Thursday, March 25, 2021

The Path to Success is Paved with the Stones of Failure


A bit of a philosophical post today.  I've been listening to some podcasts lately that have dealt with overcoming obstacles and I find it interesting how much it seems that many people *trying* to achieve success become despondent when it doesn't show up quickly.

In today's world, especially with the proliferation of social media, success seems to be something achievable with a minimum of effort, yet nothing could be further from the truth.  In my career I'm asked all of the time by doctors and hygienists "how can I became a speaker/lecturer/author/consultant?"  My honest answer to that type of question is to become whatever it is you want to be, before you are considered one.

In my case, I started out with technology.  I was lucky enough to start practicing with computer usage about the time that Windows 95 was coming to market and that brought the Internet to the forefront.  My fascination with hardware hard started in the late 80s and it had led with a desire to figure out how computers worked.  I ended up investing in a lot of hardware just so I could take it apart and figure out how it managed to do what it did.  I would see patients until 5:00 pm and then spend the next 4 or 5 hours taking things apart, reassembling, and reading every tech publication I could get my hands on.  I became crazy proficient at all of these things.

Then I began hacking them.  I figured out ways to force hardware to do things it wasn't built to do.  I wasn't so much of a software hacker, writing code, as I was a hardware hacker.  Given enough tinkering time, I could replace wire and circuit boards until the device bent to my will.  My best software exploit was teaching myself HTML and coding webpages back when they were rare and having a photo on a page was a significant programming achievement.

On top of all of the hardware work, I ordered a series of floppy disks that contained all types of Internet connection software.  Back then I had to separately install apps for FTP, Gopher, news server protocols, and other things.  Then I began exploring systems that were connected to the Internet... searching for systems that would respond to my queries sort of like Matthew Broderick in War Games.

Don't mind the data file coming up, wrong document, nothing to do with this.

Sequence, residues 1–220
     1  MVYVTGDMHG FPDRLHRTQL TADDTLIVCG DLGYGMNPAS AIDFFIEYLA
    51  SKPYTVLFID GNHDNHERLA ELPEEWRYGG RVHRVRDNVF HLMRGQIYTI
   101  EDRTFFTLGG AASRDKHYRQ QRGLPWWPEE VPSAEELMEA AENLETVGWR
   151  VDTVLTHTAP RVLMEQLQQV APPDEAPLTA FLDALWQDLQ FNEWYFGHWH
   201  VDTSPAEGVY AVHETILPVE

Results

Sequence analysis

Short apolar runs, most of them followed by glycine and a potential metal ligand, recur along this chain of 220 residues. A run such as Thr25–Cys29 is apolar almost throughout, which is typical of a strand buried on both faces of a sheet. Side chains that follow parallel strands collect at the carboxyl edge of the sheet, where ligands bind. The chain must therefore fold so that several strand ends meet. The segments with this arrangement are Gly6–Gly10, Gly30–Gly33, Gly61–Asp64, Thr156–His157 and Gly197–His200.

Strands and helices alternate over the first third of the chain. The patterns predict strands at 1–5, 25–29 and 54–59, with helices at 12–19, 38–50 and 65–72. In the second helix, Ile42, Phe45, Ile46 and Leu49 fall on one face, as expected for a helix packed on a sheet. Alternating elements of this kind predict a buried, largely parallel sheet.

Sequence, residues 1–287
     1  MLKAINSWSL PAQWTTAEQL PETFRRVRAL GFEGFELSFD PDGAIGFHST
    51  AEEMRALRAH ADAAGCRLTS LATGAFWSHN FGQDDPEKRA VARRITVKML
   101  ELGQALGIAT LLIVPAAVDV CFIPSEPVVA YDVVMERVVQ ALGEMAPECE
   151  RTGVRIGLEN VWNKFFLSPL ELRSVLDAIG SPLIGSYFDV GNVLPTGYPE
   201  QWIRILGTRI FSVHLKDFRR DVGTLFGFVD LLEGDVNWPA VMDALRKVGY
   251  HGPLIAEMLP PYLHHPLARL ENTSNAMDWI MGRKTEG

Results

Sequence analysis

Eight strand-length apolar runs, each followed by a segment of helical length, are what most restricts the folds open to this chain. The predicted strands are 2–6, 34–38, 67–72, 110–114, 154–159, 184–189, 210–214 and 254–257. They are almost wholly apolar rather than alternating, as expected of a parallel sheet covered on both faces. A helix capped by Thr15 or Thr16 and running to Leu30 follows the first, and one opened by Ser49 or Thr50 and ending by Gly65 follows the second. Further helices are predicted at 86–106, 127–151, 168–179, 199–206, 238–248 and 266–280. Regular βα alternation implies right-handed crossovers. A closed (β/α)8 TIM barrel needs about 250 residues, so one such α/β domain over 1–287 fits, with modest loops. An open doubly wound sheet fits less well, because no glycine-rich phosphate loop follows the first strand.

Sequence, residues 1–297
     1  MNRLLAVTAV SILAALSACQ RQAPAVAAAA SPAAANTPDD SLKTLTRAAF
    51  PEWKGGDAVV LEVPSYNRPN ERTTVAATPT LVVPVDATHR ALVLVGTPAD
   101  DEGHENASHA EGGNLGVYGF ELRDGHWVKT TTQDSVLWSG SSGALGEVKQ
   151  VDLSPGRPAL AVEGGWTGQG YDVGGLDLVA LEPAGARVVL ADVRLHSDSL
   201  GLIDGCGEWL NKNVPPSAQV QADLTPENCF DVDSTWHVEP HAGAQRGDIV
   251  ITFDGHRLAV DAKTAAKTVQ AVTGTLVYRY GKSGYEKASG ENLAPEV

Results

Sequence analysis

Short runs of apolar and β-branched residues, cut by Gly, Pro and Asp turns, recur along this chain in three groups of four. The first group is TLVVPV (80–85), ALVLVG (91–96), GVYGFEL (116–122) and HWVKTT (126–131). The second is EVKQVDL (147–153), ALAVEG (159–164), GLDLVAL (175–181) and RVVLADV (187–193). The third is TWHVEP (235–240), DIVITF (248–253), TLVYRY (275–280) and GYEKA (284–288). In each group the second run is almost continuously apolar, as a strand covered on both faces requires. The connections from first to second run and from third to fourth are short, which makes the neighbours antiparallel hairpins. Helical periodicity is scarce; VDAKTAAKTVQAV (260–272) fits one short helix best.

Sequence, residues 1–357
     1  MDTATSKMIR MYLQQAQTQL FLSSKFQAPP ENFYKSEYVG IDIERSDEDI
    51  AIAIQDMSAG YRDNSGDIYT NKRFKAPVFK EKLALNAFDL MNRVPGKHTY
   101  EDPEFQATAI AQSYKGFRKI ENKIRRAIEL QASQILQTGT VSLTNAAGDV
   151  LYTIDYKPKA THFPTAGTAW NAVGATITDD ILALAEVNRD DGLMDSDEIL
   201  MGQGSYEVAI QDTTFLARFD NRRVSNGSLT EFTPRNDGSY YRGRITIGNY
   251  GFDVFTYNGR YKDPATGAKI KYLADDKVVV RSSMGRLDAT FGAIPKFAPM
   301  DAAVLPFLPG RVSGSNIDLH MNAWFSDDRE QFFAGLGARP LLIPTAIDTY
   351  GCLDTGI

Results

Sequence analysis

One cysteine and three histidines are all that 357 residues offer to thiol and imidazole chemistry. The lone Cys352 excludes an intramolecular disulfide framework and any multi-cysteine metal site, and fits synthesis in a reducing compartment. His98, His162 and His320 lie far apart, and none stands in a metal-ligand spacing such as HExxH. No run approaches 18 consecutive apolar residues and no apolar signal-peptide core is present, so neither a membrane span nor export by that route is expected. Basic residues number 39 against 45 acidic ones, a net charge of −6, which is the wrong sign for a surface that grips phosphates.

In 1998 the ADA could see the writing on the wall and created a "Technology Day" as part of the ADA Annual Meeting (now Smile-con).  A friend of mine knew some people on the planning committee for that meeting and he recommended me to them.  One of my first lectures was to an audience at the ADA Meeting.

BUT... by the time I was lecturing at the ADA  Meeting I had spent thousands of hours tearing into hardware.  I had built my own network out of parts.  Oh... and I had FAILED sometimes spectacularly in my adventures.  I had blown circuit breakers, fried expensive electronic items, and shocked myself on exposed wires more times than I could remember.  I had also spent tons of money on pieces of hardware that I took out of the box and promptly destroyed... sometimes by accident and sometimes just because I could.

The great thing about the failures was that every time I failed, I learned.  I got better at what I was doing and when I coached others I could do so from the perspective of one who had flamed out many times and knew just how to handle certain situations because I had already been there myself.

Throughout my career I have embraced failure.  Simply put, failure means you are one step closer to success.  When something fails I ask myself "why?"  I frequently use it as a motivator.  I figure that if others are having success with something, then what is wrong with me?

The only time failure is bad is when it cannot propel you forward in problem solving.

Success often looks like hard work and the reason for that is because, simply put, it IS.

After my technology learning, I turned by eyes toward clinical practice and attacked it with the same fervor that I had applied to tech.  Fortunately that trail had been blazed by geniuses that I could stand on the shoulders of.  I didn't need to invent or create, however I *could* still hack!  So my clinical career has been built on taking the principles discovered by others and hacking them for new materials, new methods, and new technologies.  There have been failures there too, though I haven't electrocuted myself doing dentistry.

The lesson here is that failure is the fuel that ignites and sustains innovation.  Embrace failure but do not settle for it.  Failure is a compass that points to success.

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